Liberty University, an evangelical institution in Virginia, is being criticized for bucking national trends amid the coronavirus pandemic by inviting students to move back into campus residence halls.
The decision runs counter to recommendations of a vast contingent of health officials, who say avoiding large gatherings and maintaining social distancing measures are the best ways to stop the virus.
A majority of colleges have switched to online instruction during the crisis and ordered that campus residences be vacated.
As the coronavirus and the respiratory disease it causes, COVID-19, hit the U.S., most colleges moved classes and exams online and asked students to leave residence halls. Administrators generally made narrow exceptions for international students and those without easy access to housing.
But Jerry Falwell Jr., Liberty's president and a prominent evangelical leader, has attracted widespread criticism for defying those health measures by inviting thousands of students to return to dormitories this week.
Liberty officials considered extending spring break but felt students risked "having a longer time to become exposed to the virus and bring it back" to campus, Falwell said in a statement Monday. Falwell also instructed professors to report to campus, despite classes being taught virtually, The News and Advance reported.
The university did not respond to Education Dive's request for comment Tuesday, but a spokesperson told The Associated Press that about 1,100 students were on campus as of that morning.
On Monday, Virginia Gov. Ralph Northam issued a statewide executive order banning public gatherings of more than 10 people. To comply with the order, the university transformed the campus dining halls into takeout service and barred more than 10 students at a time from using fitness centers. South Carolina and Maryland are among the states enforcing similar bans, and some are ordering residents to stay home.
Oregon's governor has suspended in-person instruction at its colleges and universities, and leaders in other states have pressed their colleges to do the same.
The Centers for Disease Control and Prevention (CDC) has also said mass gatherings should be canceled.
Falwell noted in his statement that the Virginia Department of Health conducted a surprise inspection after Northam published his order, and the university was found to be in compliance with state requirements.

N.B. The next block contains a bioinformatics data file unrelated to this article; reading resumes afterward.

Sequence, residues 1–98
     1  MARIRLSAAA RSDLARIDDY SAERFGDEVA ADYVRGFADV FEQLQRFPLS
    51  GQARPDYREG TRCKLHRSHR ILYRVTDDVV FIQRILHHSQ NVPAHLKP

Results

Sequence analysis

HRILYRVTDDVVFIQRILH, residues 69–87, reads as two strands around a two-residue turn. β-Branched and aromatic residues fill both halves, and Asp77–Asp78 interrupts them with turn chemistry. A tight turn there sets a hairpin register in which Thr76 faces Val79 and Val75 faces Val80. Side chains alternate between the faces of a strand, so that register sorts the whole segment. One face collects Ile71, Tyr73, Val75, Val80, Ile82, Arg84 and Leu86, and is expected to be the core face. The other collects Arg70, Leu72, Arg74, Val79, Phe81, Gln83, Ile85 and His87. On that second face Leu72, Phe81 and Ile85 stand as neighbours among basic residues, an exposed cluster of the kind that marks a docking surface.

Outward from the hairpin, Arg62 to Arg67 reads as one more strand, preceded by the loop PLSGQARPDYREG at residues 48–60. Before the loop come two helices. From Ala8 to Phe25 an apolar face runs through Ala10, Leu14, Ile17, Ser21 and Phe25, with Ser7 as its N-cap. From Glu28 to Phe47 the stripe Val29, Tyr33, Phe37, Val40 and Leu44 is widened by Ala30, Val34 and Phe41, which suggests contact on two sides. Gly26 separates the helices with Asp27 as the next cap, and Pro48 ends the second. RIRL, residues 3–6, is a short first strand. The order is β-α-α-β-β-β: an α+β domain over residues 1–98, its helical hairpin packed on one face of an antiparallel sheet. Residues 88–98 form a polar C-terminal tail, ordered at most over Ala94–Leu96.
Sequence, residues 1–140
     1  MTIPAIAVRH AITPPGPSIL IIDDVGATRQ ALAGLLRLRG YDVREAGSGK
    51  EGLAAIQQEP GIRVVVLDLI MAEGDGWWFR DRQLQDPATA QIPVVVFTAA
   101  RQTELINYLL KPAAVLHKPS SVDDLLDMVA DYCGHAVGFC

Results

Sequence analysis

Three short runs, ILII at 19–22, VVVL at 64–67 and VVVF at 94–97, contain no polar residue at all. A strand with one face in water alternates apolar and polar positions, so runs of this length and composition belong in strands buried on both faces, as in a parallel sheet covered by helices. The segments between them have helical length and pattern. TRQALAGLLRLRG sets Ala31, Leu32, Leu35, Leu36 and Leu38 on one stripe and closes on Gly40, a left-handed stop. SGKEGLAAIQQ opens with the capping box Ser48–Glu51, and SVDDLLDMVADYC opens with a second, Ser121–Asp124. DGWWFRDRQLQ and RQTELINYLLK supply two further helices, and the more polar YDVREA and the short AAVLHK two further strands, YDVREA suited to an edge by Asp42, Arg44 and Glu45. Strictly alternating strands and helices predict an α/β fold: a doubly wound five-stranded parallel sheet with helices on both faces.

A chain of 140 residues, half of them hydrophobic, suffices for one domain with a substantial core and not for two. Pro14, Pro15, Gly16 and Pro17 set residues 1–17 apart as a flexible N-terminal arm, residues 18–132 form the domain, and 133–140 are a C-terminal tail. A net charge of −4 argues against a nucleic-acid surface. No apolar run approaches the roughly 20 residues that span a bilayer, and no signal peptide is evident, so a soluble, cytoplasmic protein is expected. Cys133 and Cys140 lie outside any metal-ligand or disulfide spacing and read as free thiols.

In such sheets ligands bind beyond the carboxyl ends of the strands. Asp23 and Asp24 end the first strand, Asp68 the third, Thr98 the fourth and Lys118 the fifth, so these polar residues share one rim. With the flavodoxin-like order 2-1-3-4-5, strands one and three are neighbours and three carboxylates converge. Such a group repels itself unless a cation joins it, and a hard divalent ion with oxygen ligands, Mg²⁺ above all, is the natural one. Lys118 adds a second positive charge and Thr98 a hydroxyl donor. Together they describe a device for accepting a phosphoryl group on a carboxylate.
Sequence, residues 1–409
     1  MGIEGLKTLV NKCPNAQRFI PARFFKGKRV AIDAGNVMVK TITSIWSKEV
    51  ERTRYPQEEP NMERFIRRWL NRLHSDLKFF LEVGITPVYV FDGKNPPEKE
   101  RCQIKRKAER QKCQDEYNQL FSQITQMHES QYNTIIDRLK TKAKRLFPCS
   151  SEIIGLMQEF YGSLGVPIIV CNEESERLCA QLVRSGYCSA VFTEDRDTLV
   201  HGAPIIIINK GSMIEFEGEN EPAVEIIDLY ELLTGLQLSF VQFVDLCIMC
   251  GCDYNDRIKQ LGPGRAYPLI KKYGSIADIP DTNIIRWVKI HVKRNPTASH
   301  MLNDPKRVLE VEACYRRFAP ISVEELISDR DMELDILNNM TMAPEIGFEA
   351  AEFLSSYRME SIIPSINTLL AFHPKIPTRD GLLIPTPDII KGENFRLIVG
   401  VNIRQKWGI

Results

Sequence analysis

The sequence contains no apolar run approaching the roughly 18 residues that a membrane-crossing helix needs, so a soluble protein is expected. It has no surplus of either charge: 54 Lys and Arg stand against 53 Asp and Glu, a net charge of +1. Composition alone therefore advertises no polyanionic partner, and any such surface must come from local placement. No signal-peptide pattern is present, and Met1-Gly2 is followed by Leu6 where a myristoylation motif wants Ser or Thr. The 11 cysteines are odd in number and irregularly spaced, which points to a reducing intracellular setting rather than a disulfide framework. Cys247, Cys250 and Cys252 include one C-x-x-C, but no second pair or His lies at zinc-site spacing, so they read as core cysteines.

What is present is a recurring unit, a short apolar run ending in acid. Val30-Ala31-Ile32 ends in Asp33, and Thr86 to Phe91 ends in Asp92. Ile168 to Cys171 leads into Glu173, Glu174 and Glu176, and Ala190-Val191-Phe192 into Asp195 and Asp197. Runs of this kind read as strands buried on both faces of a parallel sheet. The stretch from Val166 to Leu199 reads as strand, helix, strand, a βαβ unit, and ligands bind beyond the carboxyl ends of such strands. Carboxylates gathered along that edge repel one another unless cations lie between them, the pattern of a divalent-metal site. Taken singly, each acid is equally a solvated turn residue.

Still, the move to let students back into residence halls did not sit well with health officials, some of whom told Education Dive it is unwise to have students living in such close quarters.
"It's really reprehensible for a leader of the university to not only put the students at risk during a global health crisis, but also putting his faculty and staff at risk as well," Dean Winslow, a professor of medicine at Stanford University, said in an interview with Education Dive. Winslow said he was speaking as an individual, not on behalf of his university.
The CDC recommends keeping at least 6 feet between individuals to avoid spreading the disease, a feat that would be improbable with students living together, Winslow said.
The American College Health Association (ACHA), meanwhile, is emphasizing the CDC's guidance for postsecondary schools, which calls for colleges to reinforce good hygiene and intensify cleaning and disinfection efforts.
Students staying in dormitories and congregating in common areas could be at greater risk for spreading the disease than those in other small living settings, Michael Huey, ACHA's past president and member of its COVID-19 task force, told Education Dive in an email.
At issue in Liberty's case is the sheer number of students expected to return to campus, observers say. However, allowing a limited number of students to remain on campus out of necessity is not irresponsible, Winslow said, as many institutions are taking steps to ensure those students are practicing social distancing